POSTED AT 10:39 AM 01-01-2019
Rupee ends 19% down in 2018; Bourse dips 5%
REUTERS: The rupee fell 19% in 2018, making it one of the worst performing currencies in Asia, as heavy foreign outflows from government securities weighed on the local currency.
The Colombo Stock Index ended 0.62% firmer at 6,052.37 on Monday, but lost 5% for this year. Turnover was Rs. 288.5 million, less than half of this year's daily average of Rs. 834 million.
The rupee hit a record low for a seventh straight session on Monday on continued outflows of foreign funds mainly from government bonds as political uncertainty dented investor sentiment. The rupee hit an all-time low of 183.00 against the dollar in early trade, surpassing its previous record of 182.90 marked in the prior session, Refinitiv Eikon data showed. It has weakened about 5.4% since Sri Lanka's political crisis began on 26 October and lost 19% this year.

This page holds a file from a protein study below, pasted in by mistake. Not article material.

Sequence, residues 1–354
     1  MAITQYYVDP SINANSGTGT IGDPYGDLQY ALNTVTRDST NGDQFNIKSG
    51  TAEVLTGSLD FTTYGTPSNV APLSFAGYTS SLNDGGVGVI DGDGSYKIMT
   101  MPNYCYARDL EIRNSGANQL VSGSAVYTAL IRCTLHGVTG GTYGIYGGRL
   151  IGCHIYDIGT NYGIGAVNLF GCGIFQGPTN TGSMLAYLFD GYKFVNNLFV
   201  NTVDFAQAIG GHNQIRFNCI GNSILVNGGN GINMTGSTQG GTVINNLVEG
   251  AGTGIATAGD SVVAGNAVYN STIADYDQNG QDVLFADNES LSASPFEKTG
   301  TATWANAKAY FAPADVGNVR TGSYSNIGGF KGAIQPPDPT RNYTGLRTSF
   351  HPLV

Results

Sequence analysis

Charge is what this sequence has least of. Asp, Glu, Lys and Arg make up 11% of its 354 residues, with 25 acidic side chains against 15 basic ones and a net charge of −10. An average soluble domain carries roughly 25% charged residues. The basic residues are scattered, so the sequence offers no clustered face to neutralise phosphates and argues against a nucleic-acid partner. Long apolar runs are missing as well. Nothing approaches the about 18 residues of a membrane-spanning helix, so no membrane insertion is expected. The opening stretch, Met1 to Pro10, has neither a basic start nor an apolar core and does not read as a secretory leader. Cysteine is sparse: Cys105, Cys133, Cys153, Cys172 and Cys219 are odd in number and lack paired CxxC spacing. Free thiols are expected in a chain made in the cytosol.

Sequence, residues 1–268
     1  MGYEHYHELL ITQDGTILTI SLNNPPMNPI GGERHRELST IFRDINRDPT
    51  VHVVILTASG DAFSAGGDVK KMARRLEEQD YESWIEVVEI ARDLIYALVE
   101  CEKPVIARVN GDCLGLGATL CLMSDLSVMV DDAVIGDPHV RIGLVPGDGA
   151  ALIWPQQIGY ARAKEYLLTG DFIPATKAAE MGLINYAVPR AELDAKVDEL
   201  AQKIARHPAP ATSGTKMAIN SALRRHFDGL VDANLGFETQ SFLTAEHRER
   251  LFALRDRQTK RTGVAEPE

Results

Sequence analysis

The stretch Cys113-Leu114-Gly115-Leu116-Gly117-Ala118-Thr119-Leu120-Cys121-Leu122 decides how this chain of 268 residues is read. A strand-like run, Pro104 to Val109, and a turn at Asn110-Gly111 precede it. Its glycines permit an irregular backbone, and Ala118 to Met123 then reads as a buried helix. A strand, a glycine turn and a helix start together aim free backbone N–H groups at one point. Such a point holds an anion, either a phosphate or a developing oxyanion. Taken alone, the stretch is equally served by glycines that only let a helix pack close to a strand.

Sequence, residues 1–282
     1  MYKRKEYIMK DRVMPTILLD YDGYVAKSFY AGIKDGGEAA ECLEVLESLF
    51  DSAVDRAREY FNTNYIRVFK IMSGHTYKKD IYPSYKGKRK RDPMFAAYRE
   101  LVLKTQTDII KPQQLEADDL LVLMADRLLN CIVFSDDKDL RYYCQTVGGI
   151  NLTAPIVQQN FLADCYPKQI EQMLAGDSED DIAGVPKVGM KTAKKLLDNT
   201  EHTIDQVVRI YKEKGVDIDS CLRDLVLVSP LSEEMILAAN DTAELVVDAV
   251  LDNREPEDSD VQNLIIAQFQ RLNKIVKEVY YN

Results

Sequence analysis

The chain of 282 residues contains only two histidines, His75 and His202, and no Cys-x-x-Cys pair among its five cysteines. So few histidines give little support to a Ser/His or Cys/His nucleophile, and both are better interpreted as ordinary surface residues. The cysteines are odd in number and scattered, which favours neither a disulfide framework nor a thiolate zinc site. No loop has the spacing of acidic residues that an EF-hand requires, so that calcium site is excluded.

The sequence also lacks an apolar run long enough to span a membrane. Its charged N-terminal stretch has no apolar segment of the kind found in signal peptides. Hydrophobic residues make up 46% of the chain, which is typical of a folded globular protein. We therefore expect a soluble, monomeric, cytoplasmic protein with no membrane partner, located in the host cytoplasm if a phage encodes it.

The rupee ended at 182.80/183.00 per dollar, compared with 182.75/183.25 in the previous session. President Maithripala Sirisena appointed the Cabinet of Ministers from his rival party on 21 December after he was forced to reinstate Ranil Wickremesinghe as Prime Minister, 51 days after he was sacked.
The political crisis was expected to ease, though uneasy relations between the two men could cause fiscal problems, analysts have said. Parliament has approved Rs. 1.77 trillion ($9.39 billion) to meet the first four months of expenditures in 2019 and avert a government shutdown from 1 January.
Foreign investors have been net sellers of Rs. 13.3 billion worth of stocks since the political crisis began. The bond market saw outflows of about Rs. 67.6 billion ($ 370.21 million) between 25 October and 26 December Central Bank data showed.
This year, there have been Rs. 22.8 billion of outflows from stocks, while government securities suffered a net Rs. 159.8 billion of outflows through 26 December, the latest data from the bourse and central bank showed.
Credit agencies Fitch and S&P downgraded Sri Lanka's sovereign rating in early December, citing refinancing risks and an uncertain policy outlook.